British Watches

The Watchmaking Craft of The Past is Worth Appreciating

The thing I admire most about the watchmakers of the past is their determination to solve what must have seemed like incredibly complicated problems. Take this Strigel verge watch from the 1760s for example.

It was no easy task making glass back then. No Pilkington float method had been invented, so glass had to be blown into shapes by skilled people, then carefully cut and trimmed to fit something like a pocket watch bezel. That’s why many 18th century pocket watches have `bulls eye’ glass – they had to cut it away from the blower which left a tiny flat top.

This particular example is typical of the era. The silver cases, usually pair-cased, would have been bought in batches from a silversmith in London. The reason watches were encased like this was that in the 1760s there were two modes of transport for the wealthy man about town; water craft and horseback. He would not walk very far in a country like Britain, which was largely lawless, with no roads as we understand them. So a silver watch – which at today’s prices would have cost about £10,000-£15,000 would have basically said to Highwayman, `come and get it boys.’

strigel verge 4

So a watch movement had to be protected not only by a tightly shut inner case, but another pair of silver cases to keep out seaspray, pouring rain, or the stench of the gin-soaked poor begging at your britches. This work was done by hand, not by machine, so imagine how many hours it took to get a perfectly set of halves to close upon the watch itself.

The verge movement has sturdy square columns joining the plates, which are like minature columns on a mansion – no coincidence that the architecture matches those grand houses and follies of the era, for a watch was a statement that you had made your money, serious money. Engraved plates state the makers name because brands didn’t exist then, everyone had a reputation, like Harrison, Mudge, Breguet etc.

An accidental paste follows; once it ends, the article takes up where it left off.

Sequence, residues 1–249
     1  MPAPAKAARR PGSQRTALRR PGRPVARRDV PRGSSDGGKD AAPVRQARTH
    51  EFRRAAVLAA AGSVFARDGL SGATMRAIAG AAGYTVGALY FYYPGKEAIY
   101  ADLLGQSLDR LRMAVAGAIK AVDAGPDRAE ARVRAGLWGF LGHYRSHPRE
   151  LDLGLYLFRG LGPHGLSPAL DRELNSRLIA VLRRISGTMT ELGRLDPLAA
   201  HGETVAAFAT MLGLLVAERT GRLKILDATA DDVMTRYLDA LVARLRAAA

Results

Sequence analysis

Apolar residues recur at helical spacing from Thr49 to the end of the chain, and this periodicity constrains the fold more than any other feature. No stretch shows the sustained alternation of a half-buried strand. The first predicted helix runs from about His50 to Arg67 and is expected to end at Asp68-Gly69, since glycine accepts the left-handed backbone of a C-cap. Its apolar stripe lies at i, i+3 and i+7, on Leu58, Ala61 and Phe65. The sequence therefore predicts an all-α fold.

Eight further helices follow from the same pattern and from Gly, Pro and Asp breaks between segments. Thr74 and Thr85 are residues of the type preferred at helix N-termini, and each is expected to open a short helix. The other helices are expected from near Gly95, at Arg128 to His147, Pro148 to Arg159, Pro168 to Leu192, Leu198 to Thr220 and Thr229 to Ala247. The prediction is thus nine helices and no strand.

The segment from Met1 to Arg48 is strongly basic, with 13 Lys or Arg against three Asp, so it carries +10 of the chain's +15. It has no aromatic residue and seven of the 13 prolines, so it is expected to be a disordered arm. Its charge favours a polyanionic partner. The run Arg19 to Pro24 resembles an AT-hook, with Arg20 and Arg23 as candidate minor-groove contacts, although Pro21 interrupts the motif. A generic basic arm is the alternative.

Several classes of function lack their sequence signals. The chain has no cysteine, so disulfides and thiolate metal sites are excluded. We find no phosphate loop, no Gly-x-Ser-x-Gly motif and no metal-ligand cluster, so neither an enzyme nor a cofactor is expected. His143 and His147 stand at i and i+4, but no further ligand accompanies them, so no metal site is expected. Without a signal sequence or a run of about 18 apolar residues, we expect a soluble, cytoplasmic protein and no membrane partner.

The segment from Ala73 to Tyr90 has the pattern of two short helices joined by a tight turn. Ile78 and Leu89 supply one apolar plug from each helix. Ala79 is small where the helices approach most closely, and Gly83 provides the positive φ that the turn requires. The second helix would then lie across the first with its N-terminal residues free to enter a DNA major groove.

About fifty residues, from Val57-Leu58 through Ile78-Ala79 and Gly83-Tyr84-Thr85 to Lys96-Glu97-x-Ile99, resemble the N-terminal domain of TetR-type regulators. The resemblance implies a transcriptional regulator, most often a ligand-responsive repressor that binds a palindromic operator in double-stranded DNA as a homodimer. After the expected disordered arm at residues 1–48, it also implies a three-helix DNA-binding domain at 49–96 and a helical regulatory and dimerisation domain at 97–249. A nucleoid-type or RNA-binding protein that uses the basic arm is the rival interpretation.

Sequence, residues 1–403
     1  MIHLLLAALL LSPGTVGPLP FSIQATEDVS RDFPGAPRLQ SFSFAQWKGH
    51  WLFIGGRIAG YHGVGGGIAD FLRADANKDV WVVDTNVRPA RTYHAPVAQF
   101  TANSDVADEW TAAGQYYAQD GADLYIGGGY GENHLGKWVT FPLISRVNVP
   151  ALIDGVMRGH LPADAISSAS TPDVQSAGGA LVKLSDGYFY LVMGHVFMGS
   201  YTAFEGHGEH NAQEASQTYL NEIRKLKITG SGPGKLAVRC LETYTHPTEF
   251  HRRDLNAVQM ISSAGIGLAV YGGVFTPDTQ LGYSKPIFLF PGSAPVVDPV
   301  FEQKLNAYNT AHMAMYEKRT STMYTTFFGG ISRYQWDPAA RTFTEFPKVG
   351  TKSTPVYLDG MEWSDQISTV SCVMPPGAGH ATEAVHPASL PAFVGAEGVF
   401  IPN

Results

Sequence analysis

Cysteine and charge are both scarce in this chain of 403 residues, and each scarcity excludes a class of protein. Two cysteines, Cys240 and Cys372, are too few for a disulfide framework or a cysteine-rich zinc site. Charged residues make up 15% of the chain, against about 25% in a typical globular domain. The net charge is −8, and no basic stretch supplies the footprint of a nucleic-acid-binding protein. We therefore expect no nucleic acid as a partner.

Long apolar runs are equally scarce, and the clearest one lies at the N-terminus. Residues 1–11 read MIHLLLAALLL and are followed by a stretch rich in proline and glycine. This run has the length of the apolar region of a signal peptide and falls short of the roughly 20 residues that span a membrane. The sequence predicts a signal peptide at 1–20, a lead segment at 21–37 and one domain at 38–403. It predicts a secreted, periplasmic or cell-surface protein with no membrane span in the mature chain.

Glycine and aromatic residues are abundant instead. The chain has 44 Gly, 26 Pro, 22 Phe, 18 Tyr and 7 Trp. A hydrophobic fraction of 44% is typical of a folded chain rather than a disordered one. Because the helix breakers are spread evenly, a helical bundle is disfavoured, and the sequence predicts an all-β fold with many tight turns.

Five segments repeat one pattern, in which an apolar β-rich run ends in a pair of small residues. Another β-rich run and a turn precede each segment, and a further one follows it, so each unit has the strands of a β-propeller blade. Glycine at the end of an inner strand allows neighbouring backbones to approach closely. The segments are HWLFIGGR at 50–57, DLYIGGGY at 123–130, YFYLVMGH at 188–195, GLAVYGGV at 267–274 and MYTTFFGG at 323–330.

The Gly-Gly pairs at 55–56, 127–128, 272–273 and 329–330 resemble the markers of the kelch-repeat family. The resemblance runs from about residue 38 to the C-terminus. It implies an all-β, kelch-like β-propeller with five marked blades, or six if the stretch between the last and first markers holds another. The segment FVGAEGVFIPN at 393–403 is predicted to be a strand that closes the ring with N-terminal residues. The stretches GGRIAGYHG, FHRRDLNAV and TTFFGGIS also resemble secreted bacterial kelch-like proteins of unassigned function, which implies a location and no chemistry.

strigel verge face 1

Dials and hands would be provided by an enamelling shop, the watchmaker concentrated on the movement. Imagine the basic lathes and drilling tools used, and how difficult it was to align hand-cut gear wheels, and match pins and axles to their correctly sized holes in the plates. No wonder it was a week’s work to assemble one movement, although many master watchmakers had apprentices making kitted plates and gear wheels in a sort of production line.

Typically housed in a freezing attic, with overhead windows for natural light, the watchmakers of the past had a tough life. Many made clocks as well, which of course demanded great care in transport and installation at some slave/sugar/silk/pepper trader’s newly built mansion in the sunny shires. Not many artisan watchmakers lived a long life like Thomas Harrison, the inventor of the marine chronometer, many only had 20-25 years of work before the untreatable illnesses of the times, a fire, bankruptcy or a family bereavement effectively ended their career.

Could you persevere in spite of everything back in 1766? Survive on no benefits, no central heating, and eat bland, rancid food and drink foul water or home brewed ale or gin? Probably not. We have it easy now and watches, superbly engineered and finished, are relatively cheap compared to wages. Enjoy these good times, they won’t last.

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